On point 1: Music and Danse. You consider it a limited theme ? I think many would disagree. Pictures of singers and dancers, records, instruments, schools, special buildings, clothes, fairs... this said, we mentionned in the proposal that we may switch to a 1,5 month long rather than 2 months. I think this can be open to discussion.

On point 2: sorry... I did not understand the question. Can you rephrase please ?

On point 3: This is the third time that we would hold such a contest. I have not heard even ONE commonist complain along the lines you mention the past two years so I tend not to see it as a big problem. I hear your concerns though. Previous years, we explained the contest and Commons on the landing page and in a FAQ. Locally, the teams relayed the word. A bit sadly, I would like to outline that the fact internet connexion is poor in many african countries, prevent us from being flooded by multiple Pictures/videos from different angles... (contrariwise to what is observed on Wiki Loves Monuments).

On point 4 : First let me outline that editor recruitement and retention is not the primary goal of the contest. Or at least not the only goal. Three of the main goals are the following:

  • first collecting enough content from African countries so as to make sure that when Africans do come to Wikipedia and Commons, they also feel it is their home, a place about them, their culture, their countries rather than a site that hosts only stuff about Europe and North America. Most of the current content about Central Africa is actually posted by tourists visiting the countries. So you have more chance to get a picture of a lion or an elephant than a picture related to african daily lives. So the first goal is to get content.
  • the second big goal is to raise awareness about Wikipedia and sister projects. In developed countries, we now take wikimedia for granted. When you ask the layman, there is every chance he heard about wikipedia and is using it. Not so in Africa. It is improving. The contest is a good way to give an opportunity to talk about the project locally
  • the third goal is to support the local user groups, the growing community over there. In most cases, the groups are small, a couple of active people at most. It is not easy to organize actions entirely on your own when you are only 2_3 active in an area. It requires a lot of effort. The contest is a good way to facilitate the organization of events because the local groups do not have to set up everything all by themselves. Things scale better.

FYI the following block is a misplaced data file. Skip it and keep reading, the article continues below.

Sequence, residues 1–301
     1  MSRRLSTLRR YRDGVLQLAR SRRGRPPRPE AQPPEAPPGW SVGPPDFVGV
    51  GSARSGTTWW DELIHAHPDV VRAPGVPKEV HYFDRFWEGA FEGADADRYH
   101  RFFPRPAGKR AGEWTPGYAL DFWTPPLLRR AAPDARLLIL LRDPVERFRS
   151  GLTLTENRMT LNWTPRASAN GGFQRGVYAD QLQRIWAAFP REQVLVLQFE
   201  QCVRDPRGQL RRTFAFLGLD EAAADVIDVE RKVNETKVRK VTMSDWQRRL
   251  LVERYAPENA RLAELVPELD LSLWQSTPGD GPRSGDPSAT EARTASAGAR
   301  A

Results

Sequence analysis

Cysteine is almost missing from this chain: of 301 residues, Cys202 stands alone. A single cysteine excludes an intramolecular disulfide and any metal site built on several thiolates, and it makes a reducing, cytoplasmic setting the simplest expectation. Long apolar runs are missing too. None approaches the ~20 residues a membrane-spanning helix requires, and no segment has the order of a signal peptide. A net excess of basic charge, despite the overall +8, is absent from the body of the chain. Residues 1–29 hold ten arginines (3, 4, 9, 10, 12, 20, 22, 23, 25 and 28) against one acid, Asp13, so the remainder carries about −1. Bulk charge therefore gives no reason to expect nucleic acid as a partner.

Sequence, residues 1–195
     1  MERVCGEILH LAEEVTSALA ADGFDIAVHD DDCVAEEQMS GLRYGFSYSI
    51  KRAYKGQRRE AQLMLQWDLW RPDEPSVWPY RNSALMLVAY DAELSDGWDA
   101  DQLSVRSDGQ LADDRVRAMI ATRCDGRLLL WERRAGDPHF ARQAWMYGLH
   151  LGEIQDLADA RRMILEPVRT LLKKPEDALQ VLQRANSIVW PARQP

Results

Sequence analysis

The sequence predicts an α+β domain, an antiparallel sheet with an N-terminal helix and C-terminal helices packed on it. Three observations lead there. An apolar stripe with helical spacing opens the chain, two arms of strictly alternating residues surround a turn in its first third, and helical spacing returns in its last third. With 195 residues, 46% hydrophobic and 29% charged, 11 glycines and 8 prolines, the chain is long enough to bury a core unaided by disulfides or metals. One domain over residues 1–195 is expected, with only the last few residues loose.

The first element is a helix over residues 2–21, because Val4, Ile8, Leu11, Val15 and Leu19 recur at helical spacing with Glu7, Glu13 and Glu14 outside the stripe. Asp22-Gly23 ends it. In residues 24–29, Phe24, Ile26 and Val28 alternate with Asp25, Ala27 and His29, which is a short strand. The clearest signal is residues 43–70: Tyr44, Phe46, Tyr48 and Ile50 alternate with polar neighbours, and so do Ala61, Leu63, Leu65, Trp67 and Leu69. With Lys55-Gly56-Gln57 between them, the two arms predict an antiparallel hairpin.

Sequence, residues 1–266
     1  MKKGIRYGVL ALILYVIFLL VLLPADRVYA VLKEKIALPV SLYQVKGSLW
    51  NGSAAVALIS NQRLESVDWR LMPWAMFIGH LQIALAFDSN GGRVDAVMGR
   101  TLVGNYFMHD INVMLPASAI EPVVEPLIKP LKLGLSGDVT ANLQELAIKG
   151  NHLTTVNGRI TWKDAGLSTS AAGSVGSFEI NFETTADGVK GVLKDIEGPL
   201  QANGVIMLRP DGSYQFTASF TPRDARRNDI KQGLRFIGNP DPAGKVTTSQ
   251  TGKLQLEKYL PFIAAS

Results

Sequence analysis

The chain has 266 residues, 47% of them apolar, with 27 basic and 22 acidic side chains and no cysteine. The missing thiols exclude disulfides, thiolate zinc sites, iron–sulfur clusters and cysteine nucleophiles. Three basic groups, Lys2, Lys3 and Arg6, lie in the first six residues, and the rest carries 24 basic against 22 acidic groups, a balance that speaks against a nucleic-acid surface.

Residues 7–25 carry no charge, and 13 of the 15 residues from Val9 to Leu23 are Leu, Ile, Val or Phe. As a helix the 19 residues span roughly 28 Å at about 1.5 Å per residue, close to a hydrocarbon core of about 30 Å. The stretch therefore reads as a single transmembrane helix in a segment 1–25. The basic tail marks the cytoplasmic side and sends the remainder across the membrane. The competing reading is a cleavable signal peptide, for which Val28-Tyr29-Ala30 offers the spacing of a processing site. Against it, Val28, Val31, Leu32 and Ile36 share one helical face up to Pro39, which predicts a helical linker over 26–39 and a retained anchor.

• so whilst editor recruitement and retention is indeed important, it is not our main goal and not our main measure of success. Still... I'll ask Isla if we can have some updated figures on editor retention.

Thanks

Anthere (talk)

analyze funds and impact[edit]

Opening a section to discuss here Rubin comments above.

Fair point Rubin. Note that we have currently three elements in our design that I ask you to consider

  • before choosing the teams which will get supported, we will ask them to submit a proposal and a budget (we also asked them to do this last year). Contrariwise to last year though, we will provide them with a "template" for the budget, with different categories of expenses (eg, printing, catering, prizes, travel costs, etc.) so that we can more easily compare them and compare their actual final expenses with their original projection.
  • over the months of operation of the contest, a dedicated person will be in charge of collecting expenses documentation and sumarizing elements in a central document, so that we are able to compare real expenses with projected ones. This table will be public.
  • the teams need to have the most part of the funds before the actions. Ideally, they need ALL the funds before the actions. Otherwise the money needs to come out of the pocket of someone first and this create problems as not anyone can afford doing that. Money "promised" should be given at the earliest convenience.

The thing that makes measurement of impact difficult to estimate locally is that

  • part of the results per country is due to the actions of the user group. But part of the results are unrelated to the group. The group may do nothing but the country may still have some decent results.
  • some countries are more developed than others, enjoy more technology and more connexion than others. So the same amount of effort in two countries will not yield the same results. Some will put a lot of energy, will enjoy some impact locally, but it will still be little compared to other countries. Still... do we not want to precisely support countries where it is difficult ?